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John Muir Wilderness

John Muir, who was one of America’s most influential writers, naturalists, and conservationists, was a leading figure in the creation and preservation of California’s most impressive landscapes. Known as the ‘Father of our National Parks, Muir was particularly passionate and persuasive when it came to the Sierra Nevada. There are dozens of California landmarks named after Muir, including the infamous John Muir Trail. The John Muir Wilderness, which spans 100 miles along the crest of the Sierra, is one of the most scenic of Muir’s namesake landscapes, containing several of California’s most spectacular snow-capped summits, glacial valleys, and canyons.

Mount Whitney

Designated by Congress in 1964, the John Muir Wilderness covers 650,000 acres, making it the largest wilderness area in California, and contains the tallest peak in the contiguous United States, Mount Whitney. John Muir, which lies along the eastern slope of the Sierra, spans both the Inyo and Sierra Nevada National Forests, as well as portions of Kings Canyon National Park and the Monarch Wilderness. The John Muir Wilderness is also bordered by the equally as stunning Ansel Adams Wilderness.

John Muir Wilderness

The illustrious Mount Whitney isn’t the only impressive summit in the John Muir Wilderness. Of the 124 named peaks in the area, 57 reach over 13,000 feet in elevation. In fact, rugged and imposing peaks, like Mount Humphreys, Mount Muir, Mount Williamson, Keeler Needle, Bear Creek Spire, and Mount Keith are scattered throughout the region. Not to mention, John Muir also contains several noteworthy glaciers, including the beloved Palisade glacier, the southernmost glacier in the states and the largest glacier in the Sierra Nevada.

John Muir Wilderness

The John Muir Wilderness is known to contain some of the most spectacular landscapes in the Sierra Nevada and is understandably popular for hiking, climbing, biking, and camping. In fact, the region’s remarkable, granite peaks, glassy alpine lakes, lush meadows, and sparkling streams draw the most visitors of any wilderness area in California. Though over 590 miles of maintained trails exist in this region, because the area is so heavily trafficked, there are several limitations in place to protect the region. Between May 1st and November 1st, trailhead and camping quotes are in place on all trailheads accessing the wilderness from both the east and west side, and permit requirements exist for popular summits like Mount Whitney. More than half the permits are reservable ahead of time for just $5/person, while the remaining permits can be obtained for free on a first come-first serve basis. It’s worth noting, however, that a $15/person fee exists for the Whitney Zone and 100% of permits for the Mount Whitney trail are reservable ahead of time.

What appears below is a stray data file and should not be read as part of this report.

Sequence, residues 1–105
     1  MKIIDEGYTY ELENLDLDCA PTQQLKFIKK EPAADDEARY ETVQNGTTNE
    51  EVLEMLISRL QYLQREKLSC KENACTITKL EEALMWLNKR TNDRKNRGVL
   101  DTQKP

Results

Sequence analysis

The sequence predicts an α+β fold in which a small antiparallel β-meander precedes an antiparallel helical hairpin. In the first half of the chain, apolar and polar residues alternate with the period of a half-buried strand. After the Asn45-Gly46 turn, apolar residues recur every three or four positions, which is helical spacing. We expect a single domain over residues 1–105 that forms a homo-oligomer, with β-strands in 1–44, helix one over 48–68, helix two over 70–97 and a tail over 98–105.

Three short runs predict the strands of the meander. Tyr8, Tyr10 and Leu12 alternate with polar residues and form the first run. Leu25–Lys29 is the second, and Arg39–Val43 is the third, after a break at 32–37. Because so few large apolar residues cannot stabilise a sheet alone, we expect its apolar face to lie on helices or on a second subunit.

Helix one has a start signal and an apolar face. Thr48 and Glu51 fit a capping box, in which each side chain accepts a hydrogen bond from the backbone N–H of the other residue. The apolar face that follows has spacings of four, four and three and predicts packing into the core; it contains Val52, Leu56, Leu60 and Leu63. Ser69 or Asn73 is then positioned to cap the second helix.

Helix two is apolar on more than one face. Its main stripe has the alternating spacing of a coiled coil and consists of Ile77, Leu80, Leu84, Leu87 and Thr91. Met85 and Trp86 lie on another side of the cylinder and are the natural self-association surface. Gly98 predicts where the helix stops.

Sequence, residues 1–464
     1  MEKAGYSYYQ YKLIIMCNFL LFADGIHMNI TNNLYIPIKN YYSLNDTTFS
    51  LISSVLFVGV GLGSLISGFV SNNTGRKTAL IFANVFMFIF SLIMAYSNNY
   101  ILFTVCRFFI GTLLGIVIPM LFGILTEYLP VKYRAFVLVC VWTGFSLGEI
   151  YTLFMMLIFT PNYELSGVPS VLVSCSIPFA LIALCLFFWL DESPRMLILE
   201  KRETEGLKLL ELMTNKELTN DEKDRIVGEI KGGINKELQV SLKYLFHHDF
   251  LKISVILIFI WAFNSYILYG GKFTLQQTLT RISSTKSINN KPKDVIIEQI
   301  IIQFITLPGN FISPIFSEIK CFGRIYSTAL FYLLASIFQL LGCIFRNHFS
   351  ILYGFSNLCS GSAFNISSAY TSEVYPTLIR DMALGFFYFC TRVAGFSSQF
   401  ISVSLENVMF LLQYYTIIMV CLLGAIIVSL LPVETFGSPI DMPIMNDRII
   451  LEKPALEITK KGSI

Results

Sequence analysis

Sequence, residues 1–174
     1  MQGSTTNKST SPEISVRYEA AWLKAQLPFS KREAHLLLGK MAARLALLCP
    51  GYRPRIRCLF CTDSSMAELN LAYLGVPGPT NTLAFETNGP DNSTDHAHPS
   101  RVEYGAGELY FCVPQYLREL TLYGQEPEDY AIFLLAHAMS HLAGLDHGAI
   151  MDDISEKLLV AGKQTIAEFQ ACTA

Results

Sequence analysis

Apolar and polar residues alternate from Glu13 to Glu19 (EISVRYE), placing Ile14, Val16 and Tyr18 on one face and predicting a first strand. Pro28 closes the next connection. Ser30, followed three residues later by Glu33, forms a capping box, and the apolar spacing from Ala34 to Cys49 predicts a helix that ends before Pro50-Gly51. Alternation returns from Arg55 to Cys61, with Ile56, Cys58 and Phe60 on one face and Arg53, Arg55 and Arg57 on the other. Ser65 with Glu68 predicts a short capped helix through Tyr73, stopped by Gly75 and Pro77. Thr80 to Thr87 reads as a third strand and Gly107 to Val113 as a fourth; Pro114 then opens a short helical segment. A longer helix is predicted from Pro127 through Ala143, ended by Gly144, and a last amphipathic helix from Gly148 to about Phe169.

Big Horn Plateau

The John Muir Wilderness is jointly managed by Inyo National Forest, which manages the eastern portion of the wilderness, and Sierra National Forest, which manages the western section of the wilderness. Prior to hiking or camping in this region, check in with the applicable Forest Service to obtain information on permit requirements and quotas.

Major Hikes and Attractions

Big Pine Lakes

The Sierra Nevada is known for its awe-inspiring alpine lakes, and hiking to Big Pine Lakes via the North Fork trail is one of the very best ways to get fix of stunning alpine scenery. Beneath the craggy summits of the Palisades lie the turquoise waters of the Big Pine Lakes. The 12.5-mile trek, which climbs over 3000’ of elevation, can be tackled as a challenging day hike or an overnight trip. Extensions also exist along the way, including a trail to the scenic Sam Mack Meadow and the infamous Palisade Glacier.

Mount Whitney